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Human rights campaigners calling for an end to institutional living for asylum seekers in April this year Laura Hutton/Photcall Ireland
Asylum Seekers

Seven cases of sexual abuse reported in direct provision hostels in 2012

The average time spent in direct provision hostels has increased, but the numbers in the centres has declined.

INAPPROPRIATE SEXUAL BEHAVIOUR accounted for seven of 210 incidents reported at direct provision hostels in 2012, new figures show.

The figures, revealed in the annual report of the Reception and Integration Agency (RIA), show that of the 121 reports to their Child and Family Services Unit last year, seven were for physical abuse, nine were for emotional abuse and 11 were for neglect.

The report says that parents at the centres are responsible for the welfare of their children, but does not give any details on who the reports were made against.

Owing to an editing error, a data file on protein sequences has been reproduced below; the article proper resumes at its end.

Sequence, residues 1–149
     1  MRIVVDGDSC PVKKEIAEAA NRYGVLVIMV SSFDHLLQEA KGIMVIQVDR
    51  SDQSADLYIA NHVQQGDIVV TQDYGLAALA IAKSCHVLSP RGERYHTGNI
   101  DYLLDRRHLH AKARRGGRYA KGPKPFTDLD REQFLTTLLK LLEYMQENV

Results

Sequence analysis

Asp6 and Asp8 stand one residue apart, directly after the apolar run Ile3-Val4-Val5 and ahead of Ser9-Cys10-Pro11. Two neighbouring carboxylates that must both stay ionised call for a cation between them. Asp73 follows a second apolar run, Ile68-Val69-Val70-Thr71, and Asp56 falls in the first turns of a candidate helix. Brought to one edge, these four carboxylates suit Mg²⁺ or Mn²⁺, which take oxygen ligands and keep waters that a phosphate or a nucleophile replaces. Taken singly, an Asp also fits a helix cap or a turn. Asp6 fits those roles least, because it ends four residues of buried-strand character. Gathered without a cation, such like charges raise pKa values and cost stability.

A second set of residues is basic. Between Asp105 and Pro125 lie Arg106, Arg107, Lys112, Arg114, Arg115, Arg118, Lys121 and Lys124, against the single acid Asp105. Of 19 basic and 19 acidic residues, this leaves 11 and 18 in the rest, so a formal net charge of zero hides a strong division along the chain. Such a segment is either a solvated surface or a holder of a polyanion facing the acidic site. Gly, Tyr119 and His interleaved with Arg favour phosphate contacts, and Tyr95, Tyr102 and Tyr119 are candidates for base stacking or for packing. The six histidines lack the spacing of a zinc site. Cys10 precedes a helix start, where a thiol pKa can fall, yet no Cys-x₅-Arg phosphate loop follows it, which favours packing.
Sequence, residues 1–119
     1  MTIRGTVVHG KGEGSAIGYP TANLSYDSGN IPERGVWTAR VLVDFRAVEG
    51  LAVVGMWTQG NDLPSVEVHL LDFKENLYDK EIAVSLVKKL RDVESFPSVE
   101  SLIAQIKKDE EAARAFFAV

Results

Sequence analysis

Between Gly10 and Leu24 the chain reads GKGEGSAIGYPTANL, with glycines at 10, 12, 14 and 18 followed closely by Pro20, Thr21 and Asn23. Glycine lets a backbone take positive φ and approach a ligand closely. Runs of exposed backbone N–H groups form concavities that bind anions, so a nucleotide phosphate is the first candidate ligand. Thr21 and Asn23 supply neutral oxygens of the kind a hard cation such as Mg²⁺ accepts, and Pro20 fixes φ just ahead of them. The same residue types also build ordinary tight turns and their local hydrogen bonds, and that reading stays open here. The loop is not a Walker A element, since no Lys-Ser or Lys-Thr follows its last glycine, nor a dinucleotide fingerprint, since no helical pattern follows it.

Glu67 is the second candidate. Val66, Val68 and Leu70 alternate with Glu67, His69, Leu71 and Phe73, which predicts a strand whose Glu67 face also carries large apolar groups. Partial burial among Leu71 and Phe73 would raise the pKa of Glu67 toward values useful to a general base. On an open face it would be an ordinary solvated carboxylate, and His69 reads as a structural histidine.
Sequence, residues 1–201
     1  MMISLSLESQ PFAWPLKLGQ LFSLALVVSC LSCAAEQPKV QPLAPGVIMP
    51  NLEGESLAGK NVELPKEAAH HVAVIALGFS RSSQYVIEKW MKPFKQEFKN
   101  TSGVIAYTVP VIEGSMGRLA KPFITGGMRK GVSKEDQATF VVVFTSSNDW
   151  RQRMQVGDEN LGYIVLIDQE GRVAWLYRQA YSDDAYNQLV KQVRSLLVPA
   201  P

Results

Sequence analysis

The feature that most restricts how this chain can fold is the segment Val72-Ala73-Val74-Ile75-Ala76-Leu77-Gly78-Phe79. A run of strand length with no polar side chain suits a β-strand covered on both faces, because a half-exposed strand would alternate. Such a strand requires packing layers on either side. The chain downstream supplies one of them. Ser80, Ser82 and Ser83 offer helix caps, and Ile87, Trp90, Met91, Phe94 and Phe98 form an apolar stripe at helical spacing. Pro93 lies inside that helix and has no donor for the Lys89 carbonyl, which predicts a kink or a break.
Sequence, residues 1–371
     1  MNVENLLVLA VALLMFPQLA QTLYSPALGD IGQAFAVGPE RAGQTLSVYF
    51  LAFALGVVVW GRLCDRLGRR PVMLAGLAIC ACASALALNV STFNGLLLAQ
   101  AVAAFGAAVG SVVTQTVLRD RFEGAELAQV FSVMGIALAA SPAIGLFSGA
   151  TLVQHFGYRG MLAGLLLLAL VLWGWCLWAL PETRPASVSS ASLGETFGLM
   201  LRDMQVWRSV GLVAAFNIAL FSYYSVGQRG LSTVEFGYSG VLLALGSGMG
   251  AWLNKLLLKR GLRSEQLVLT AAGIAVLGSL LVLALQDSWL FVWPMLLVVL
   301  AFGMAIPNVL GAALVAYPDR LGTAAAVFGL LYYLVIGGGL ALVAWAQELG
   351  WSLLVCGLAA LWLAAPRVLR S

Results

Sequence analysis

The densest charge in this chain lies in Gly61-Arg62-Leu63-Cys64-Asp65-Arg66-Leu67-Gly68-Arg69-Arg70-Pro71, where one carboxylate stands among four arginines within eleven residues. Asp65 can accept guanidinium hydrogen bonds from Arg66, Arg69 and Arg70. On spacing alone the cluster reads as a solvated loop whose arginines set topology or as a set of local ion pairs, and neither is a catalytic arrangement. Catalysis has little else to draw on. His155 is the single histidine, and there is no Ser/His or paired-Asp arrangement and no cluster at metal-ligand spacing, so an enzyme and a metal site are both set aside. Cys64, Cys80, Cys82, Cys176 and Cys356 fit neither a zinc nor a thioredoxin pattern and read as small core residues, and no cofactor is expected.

There were also 47 reports of children being unsupervised and four cases of children being taken into care by the HSE.

The controversial system, which was last weekend called “another Irish example of throwing unwanted individuals down a deep, dark hole“ by columnist Aaron McKenna, sees some 60 per cent of asylum seekers, 2,340 people, spend three or more years in . About one third of asylum seekers are children.

Last month the ombudsman Emily O’Reilly said that there was a risk of child abuse in the system, because single parent families are forced to share rooms with strangers.

The report went on to say that the average length of time spent in direct provision centres is now around four years. The RIA accommodated 4,841 asylum seekers in 35 centres at the end of last year. That is a drop of 11 per cent on 2011 numbers, the fourth year in a row that numbers have fallen. In 2008, over 7,000 asylum seekers were in the system.

There were 89 adult incidents reported in 2012, including five cases of domestic violence.

Column: Asylum seekers are our new institutional home victims

Read: Asylum seekers go to High Court over ‘unconstitutional’ direct provision

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